Gurdial Singh Dhillon

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Not to be confused with Gurbaksh Singh Dhillon.
Gurdial Singh Dhillon
Minister for Agriculture
In office
12 May 1986 – 14 February 1988[1]
Prime Minister Rajiv Gandhi
Speaker of Lok Sabha
In office
8 August 1969 – 19 March 1971[2]
Prime Minister Indira Gandhi
Preceded by Neelam Sanjiva Reddy
Succeeded by himself
Speaker of Lok Sabha
In office
22 March 1971 – 1 December 1975[2]
Prime Minister Indira Gandhi
Preceded by himself
Succeeded by Bali Ram Bhagat
Personal details
Born (1915-08-06)6 August 1915
Panjwar, Amritsar district, Punjab
Died 23 March 1992(1992-03-23) (aged 76)
All India Institute of Medical Sciences, New Delhi
Political party Indian National Congress
Alma mater Punjab University Law College
Occupation Politician
Diplomat
Religion Sikh

Dr. Gurdial Singh Dhillon (1915–1992) was a Punjabi politician in the Indian National Congress party. He was President of the Inter-Parliamentary Union (1973–76)[3] and Indian High Commissioner to Canada (1980–82).[1]

Early life[edit]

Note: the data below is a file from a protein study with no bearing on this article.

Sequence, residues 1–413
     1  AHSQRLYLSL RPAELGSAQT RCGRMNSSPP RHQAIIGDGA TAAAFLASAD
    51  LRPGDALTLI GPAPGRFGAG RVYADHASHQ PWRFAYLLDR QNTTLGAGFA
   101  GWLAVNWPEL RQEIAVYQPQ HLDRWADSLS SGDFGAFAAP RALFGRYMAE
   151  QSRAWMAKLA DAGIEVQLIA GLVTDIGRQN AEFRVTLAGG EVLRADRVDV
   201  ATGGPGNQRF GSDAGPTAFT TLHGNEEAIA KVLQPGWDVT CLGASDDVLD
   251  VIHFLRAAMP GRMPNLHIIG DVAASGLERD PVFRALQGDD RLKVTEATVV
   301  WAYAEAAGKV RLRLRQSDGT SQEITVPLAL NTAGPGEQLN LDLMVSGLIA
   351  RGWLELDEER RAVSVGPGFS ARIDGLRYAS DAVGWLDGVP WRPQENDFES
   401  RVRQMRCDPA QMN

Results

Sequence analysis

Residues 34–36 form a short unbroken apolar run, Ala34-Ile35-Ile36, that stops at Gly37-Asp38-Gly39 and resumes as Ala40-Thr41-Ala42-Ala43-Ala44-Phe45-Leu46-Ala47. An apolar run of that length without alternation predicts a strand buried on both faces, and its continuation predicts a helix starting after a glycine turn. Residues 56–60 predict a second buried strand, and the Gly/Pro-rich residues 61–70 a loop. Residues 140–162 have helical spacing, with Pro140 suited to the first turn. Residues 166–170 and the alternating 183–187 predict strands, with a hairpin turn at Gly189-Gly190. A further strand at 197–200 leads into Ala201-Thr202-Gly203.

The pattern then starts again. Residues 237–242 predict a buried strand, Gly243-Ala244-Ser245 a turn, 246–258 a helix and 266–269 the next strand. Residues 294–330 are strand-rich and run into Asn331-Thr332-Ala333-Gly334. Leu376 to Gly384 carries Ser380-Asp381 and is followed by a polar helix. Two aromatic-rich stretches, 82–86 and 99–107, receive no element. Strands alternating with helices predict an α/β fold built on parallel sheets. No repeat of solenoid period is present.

On 6 August 1915, Gurdial Singh Dhillon was born in the Panjwar area, some 20 kilometres west of Amritsar city in Punjab. He studied at Khalsa College, Amritsar and Government College, Lahore before graduating in Law from Punjab University Law College in Lahore.[citation needed] He played an active role in the Harse Chhina Mogha Morcha rebellion in 1947.[4]

Political career[edit]

Dhillon was a member of the Punjab Legislative Assembly (1952–1967), where he was its Deputy Speaker (1952–54) and its Speaker (1954–62).[5] In 1967 he was first elected to the Lok Sabha, the lower House of the Indian Parliament representing Tarn Taran parliamentary constituency.[6] He was elected from Firozepur in 1985.[7]

Dhillon served two terms as Speaker of Lok Sabha (1969–71 and 1971–75) and was Minister of Agriculture in the Indian Government (1986–1988).[8] Regarding his time in Parliament, his biography on the Lok Sabha website expresses the following:

A man of uncompromising principles, he considered the institution of Parliament to be the temple of democracy and as such had great respect for the House and its traditions and conventions. The rare ability to quickly assess the mood of the House and a pragmatic approach helped him discharge the onerous responsibility of the office of the Speaker of the Lok Sabha in a dignified way. Dhillon's election as the President of the Inter-Parliamentary Council of the IPU was at once a great honour for himself and also for the people and the Parliament of India.[1]

With Kartar Singh, he co-authored a series of eight children's books in the early 1970s entitled 'Stories from Sikh History'.[9]

Having undergone heart bypass surgery, Dr. Dhillon died at the All India Institute of Medical Sciences, New Delhi on 23 March 1992 following a heart attack.[10]

See also[edit]

References[edit]

External links[edit]